Blood pressure and allodynic migraine

C. Lovati, M. Zardoni, D. D'Amico, L. Giani, L. Scandiani, P. Bertora, M. Cortellaro, G. Bussone, C. Mariani

Research output: Chapter in Book/Report/Conference proceedingChapter

Abstract

Background: the transformation from an episodic form of migraine to a chronic and invalidating form is under investigation to put in evidence possible factors able to enhance this progression. A number of studies found an association between hypertension and migraine chronification and this observation induced the hypothesis that hypertension may possibly modify the vascular wall and the endothelial function in the cerebral vasculature. Allodynia, the perception of pain by non-painful stimuli, is considered as a marker of migraine transformation. Objective: In our study, we planned to investigate presence of headache in patients that underwent a blood pressure 24 hours monitoring. The aim of the study was to assess the distribution of headache and allodynia in this particular population and to investigate possible relationships between the presence of headache and blood pressure pattern, including its circadian rhythm. Materials and Methods: Population: 195 subjects; among them, 122 did not suffer from headache (mean age 60.4 ± 11.6 years, 78 men and 44 women) and 73 with history of headache, (mean age 54.2 ± 12.5 years, 18 men and 55 women) of which 51 migraineurs (Mig) (mean age 52.6 ± 11.7 years, 11 men and 40 women) and 22 with tension type headache (TTH - mean age 58.0 ± 13.5 years, 7 men and 15 women). Among headache patients, allodynia was found in 23 out of 51 migraineurs and in 7 out of 22 tension-type headache. Headache diagnosis was made according to ICHD-II criteria. Presence of allodynia and sleep behavior were evaluated through semi-structured ad hoc questionnaires. Blood pressure 24hours monitoring was performed by an Ambulatory Blood Pressure (ABP) Monitor (Space Labs) with its ad hoc software. Results: No significant difference was observed between headache patients and subjects without headache in terms of mean systolic and diastolic pressure, neither between migraine and TTH. With regard to the circadian rhythm of the blood pressure we observed that the physiological reduction of blood pressure during night (dipping) was more conserved among headache patients (34 dippers out of 73 subjects) with respect to subjects without headache (40 dippers out of 122) and that this border-line difference was more strongly significant comparing allodynic subjects (19 dippers out of 30) with both non-headache (40 dippers out of 122 , p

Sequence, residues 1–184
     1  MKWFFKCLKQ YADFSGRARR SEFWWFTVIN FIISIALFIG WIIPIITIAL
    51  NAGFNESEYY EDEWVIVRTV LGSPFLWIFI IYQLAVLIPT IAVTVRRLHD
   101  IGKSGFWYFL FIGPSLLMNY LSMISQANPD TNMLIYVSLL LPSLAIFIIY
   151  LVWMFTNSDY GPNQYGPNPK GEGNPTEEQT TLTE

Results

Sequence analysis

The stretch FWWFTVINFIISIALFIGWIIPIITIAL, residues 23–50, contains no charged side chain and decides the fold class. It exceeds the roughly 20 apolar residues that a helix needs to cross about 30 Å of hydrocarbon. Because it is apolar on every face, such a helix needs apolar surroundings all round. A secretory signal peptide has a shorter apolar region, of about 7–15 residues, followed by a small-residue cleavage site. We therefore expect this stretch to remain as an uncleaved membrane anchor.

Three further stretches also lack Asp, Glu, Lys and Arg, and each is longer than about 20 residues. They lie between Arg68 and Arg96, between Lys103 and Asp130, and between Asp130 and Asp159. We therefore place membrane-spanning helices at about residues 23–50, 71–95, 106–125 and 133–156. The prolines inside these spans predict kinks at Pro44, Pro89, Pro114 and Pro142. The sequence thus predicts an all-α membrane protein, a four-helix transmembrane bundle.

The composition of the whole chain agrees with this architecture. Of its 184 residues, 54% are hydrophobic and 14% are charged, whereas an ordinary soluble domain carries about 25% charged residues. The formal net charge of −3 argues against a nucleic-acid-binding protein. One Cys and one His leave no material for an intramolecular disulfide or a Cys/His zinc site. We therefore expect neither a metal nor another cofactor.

Original languageEnglish
Title of host publicationHeadaches: Causes, Treatment and Prevention
PublisherNova Science Publishers, Inc.
Pages95-106
Number of pages12
ISBN (Print)9781621008637
Publication statusPublished - Jan 2012

    Fingerprint

Keywords

  • Allodynia
  • Blood pressure
  • Dippers
  • Headache
  • Migraine

ASJC Scopus subject areas

  • Medicine(all)
  • Neuroscience(all)

Cite this

Lovati, C., Zardoni, M., D'Amico, D., Giani, L., Scandiani, L., Bertora, P., Cortellaro, M., Bussone, G., & Mariani, C. (2012). Blood pressure and allodynic migraine. In Headaches: Causes, Treatment and Prevention (pp. 95-106). Nova Science Publishers, Inc..